The Securities and Exchange Board of India was established by the Government of India on 12 April 1988 as an interim administrative body to promote orderly and healthy growth of the securities market and for investor protection. It was to function under the overall administrative control of the Ministry of Finance of the Government of India. The SEBI was given a statutory status on 30 January 1992 through an ordinance. The ordinance was later replaced by an Act of Parliament known as the Securities and Exchange Board of India Act, 1992. Reasons for the Establishment of SEBI The capital market has witnessed tremendous growth during the 1980’s, characterized particularly by the increasing participation of the public. This ever-expanding investors population and market capitalization led to a variety of malpractices on the part of companies, brokers, merchant bankers, investment consultants and others involved in the securities market. The glaring examples of these malpractices include the existence of self – styled merchant bankers unofficial private placements, the rigging of prices, the unofficial premium on new issues, non-adherence of provisions of the Companies Act, violation of rules and regulations of stock exchanges and listing requirements, delay in delivery of shares, etc. These malpractices and unfair trading practices have eroded investor confidence and multiplied investor grievances. The Government and the stock exchanges were rather helpless in redressing the investor’s problems because of a lack of proper penal provisions in the existing legislation. In view of the above, the Government of India decided to set-up a separate regulatory body known as the Securities and Exchange Board of India. Purpose and Role of SEBI The basic purpose of SEBI is to create an environment to facilitate efficient mobilization and allocation of resources through the securities markets. It also aims to stimulate competition and encourage innovation. This environment includes rules and regulations, institutions and their interrelationships, instruments, practices, infrastructure, and policy framework. This environment aims at meeting the needs of the three groups which basically constitute the market, viz, the issuers of securities (Companies), the investors and the market intermediaries.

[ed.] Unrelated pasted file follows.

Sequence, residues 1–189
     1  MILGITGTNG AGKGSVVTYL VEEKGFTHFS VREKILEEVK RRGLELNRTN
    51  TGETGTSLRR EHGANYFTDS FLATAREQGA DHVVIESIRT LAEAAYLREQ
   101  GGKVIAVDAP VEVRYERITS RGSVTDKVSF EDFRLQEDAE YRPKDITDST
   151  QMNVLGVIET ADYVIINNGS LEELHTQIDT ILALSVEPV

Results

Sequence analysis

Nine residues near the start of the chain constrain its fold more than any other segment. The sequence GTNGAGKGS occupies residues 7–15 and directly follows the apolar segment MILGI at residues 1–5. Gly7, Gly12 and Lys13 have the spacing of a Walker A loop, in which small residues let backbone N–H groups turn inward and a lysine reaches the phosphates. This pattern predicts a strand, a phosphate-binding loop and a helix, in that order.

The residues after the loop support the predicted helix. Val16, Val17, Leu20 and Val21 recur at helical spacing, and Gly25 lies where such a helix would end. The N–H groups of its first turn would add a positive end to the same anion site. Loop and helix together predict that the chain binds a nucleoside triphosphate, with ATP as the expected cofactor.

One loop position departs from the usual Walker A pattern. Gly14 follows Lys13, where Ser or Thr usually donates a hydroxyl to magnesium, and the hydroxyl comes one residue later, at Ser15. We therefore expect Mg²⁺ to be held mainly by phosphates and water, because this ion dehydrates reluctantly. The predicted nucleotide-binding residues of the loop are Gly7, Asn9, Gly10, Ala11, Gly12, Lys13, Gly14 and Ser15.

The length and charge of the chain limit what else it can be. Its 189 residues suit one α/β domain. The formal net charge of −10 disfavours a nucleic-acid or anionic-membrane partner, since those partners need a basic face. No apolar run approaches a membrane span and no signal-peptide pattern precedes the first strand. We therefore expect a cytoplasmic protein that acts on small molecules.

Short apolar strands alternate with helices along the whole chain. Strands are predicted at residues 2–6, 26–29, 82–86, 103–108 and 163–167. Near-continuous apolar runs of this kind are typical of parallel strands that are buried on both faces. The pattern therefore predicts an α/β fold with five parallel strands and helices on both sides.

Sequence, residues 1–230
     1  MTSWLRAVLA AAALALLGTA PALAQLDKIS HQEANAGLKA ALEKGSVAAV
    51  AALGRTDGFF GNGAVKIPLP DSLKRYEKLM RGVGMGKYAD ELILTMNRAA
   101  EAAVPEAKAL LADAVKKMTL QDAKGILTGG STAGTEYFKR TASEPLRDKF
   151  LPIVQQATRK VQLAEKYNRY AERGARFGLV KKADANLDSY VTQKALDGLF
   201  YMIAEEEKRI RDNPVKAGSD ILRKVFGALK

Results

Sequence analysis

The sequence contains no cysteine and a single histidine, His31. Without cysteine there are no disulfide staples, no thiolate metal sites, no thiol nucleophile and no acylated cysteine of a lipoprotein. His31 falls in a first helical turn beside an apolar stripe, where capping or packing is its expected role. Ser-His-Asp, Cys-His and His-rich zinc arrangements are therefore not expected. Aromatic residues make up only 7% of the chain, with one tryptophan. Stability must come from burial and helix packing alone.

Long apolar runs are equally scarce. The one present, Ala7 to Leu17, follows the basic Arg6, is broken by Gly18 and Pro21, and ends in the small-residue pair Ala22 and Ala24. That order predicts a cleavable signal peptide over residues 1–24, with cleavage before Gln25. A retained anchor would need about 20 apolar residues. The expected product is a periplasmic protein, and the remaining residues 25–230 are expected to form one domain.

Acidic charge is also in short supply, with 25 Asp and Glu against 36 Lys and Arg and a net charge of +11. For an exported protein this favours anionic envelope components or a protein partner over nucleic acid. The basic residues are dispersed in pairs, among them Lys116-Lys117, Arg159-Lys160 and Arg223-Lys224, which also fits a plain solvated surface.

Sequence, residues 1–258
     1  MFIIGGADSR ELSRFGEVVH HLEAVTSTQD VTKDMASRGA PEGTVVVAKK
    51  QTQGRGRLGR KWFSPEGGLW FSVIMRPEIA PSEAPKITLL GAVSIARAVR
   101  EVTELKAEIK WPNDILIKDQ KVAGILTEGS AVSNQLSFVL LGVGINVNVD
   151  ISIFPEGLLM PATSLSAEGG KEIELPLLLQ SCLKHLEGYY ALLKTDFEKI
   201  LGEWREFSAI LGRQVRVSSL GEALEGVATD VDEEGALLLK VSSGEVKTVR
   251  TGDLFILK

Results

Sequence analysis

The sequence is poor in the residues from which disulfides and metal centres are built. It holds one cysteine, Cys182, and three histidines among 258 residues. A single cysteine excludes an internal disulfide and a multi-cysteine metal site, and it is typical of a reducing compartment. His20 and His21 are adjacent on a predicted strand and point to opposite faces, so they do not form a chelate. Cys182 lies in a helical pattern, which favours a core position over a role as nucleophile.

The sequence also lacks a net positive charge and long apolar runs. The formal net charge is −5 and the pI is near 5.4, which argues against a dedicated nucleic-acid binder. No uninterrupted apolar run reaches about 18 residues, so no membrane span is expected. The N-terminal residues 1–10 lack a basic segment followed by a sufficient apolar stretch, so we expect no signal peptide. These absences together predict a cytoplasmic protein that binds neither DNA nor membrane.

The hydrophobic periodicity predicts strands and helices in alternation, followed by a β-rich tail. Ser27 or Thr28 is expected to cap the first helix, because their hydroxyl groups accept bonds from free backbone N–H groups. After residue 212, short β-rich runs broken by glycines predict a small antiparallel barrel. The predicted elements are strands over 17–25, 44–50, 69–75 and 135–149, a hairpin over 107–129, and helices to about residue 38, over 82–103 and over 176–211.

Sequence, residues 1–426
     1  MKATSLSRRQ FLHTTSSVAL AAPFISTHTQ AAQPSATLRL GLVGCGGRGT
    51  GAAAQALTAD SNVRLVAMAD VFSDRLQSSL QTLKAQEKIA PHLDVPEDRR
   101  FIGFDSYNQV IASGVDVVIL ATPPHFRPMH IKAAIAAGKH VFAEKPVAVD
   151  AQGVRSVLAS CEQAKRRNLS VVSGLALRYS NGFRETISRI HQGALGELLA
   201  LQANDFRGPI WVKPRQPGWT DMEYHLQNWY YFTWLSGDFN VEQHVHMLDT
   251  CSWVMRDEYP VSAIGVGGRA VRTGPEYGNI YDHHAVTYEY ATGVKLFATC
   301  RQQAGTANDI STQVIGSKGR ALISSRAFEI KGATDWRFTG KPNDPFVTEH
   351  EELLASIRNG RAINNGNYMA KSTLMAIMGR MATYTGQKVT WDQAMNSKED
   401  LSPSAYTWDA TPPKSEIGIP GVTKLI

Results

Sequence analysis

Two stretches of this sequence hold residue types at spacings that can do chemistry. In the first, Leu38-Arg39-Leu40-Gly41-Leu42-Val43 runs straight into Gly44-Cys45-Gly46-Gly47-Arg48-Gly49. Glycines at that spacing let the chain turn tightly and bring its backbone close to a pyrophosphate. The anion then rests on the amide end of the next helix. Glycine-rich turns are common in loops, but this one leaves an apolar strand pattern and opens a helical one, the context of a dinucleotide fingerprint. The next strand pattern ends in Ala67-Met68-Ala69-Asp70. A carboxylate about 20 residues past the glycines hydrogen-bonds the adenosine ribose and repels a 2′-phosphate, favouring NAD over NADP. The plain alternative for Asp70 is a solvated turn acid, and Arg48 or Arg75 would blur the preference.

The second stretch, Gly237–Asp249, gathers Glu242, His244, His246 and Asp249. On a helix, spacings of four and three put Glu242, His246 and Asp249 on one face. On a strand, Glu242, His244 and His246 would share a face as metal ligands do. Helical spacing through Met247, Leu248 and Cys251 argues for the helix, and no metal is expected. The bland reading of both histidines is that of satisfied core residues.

Objectives of SEBI:
The overall objective of SEBI is to protect the interests of investors and to promote the development of, and regulate the securities market. This may be elaborated as follows:
The Organisation Structure of SEBI As SEBI is a statutory body there has been a considerable expansion in the range and scope of its activities. Each of the activities of the SEBI now demands more careful, closer, co-ordinated and intensive attention to enable it to attain its objectives. Accordingly, SEBI has been restructured and rationalized in tune with its expanded scope. It has decided its activities into five operational departments. Each department is headed by an executive director. Apart from its head office at Mumbai, SEBI has opened regional offices in Kolkata, Chennai, and Delhi to attend to investor complaints and liaise with the issuers, intermediaries and stock exchanges in the concerned region. The SEBI also formed two advisory committees. They are the Primary Market Advisory Committee and the Secondary Market Advisory Committee. These committees consist of the market players, the investor’s associations recognized by the SEBI and the eminent persons in the capital market. They provide important inputs to the SEBI’S policies.
The objectives of the two Committees are as follows:
a. To advise SEBI on matters relating to the regulation of intermediaries for ensuring investors protection in the primary market.
b. To advise SEBI on issues related to the development of the primary market in India.
c. To advise SEBI on disclosure requirements for companies.
d. To advise for changes in the legal framework to introduce simplification and transparency in the primary market.
e. To advise the board in matters relating to the development recognized by the SEBI and the eminent persons in the capital market. They provide important inputs to the SEBI’S policies. The committees are however nonstatutory in nature and the SEBI is not bound by the advice of the committee. These committees are a part of SEBI’s constant endeavor to obtain feedback from the market players on various issues relating to the regulations and development of the market.
The overall objective of SEBI is to protect the interest of investors, promote the development and regulate the securities in market. This may be elaborated as follows